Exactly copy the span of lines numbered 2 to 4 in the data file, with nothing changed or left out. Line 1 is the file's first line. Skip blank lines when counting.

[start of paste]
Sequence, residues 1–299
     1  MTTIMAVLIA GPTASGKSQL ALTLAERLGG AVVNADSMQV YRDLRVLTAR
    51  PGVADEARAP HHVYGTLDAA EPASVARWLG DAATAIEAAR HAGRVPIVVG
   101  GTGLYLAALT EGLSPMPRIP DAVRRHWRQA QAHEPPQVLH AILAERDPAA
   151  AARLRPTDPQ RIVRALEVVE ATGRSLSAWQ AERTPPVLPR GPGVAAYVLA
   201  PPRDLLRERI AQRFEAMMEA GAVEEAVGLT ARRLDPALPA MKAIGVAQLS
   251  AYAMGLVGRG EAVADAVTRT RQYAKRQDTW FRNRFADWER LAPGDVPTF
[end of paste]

     1  MTTIMAVLIA GPTASGKSQL ALTLAERLGG AVVNADSMQV YRDLRVLTAR
    51  PGVADEARAP HHVYGTLDAA EPASVARWLG DAATAIEAAR HAGRVPIVVG
   101  GTGLYLAALT EGLSPMPRIP DAVRRHWRQA QAHEPPQVLH AILAERDPAA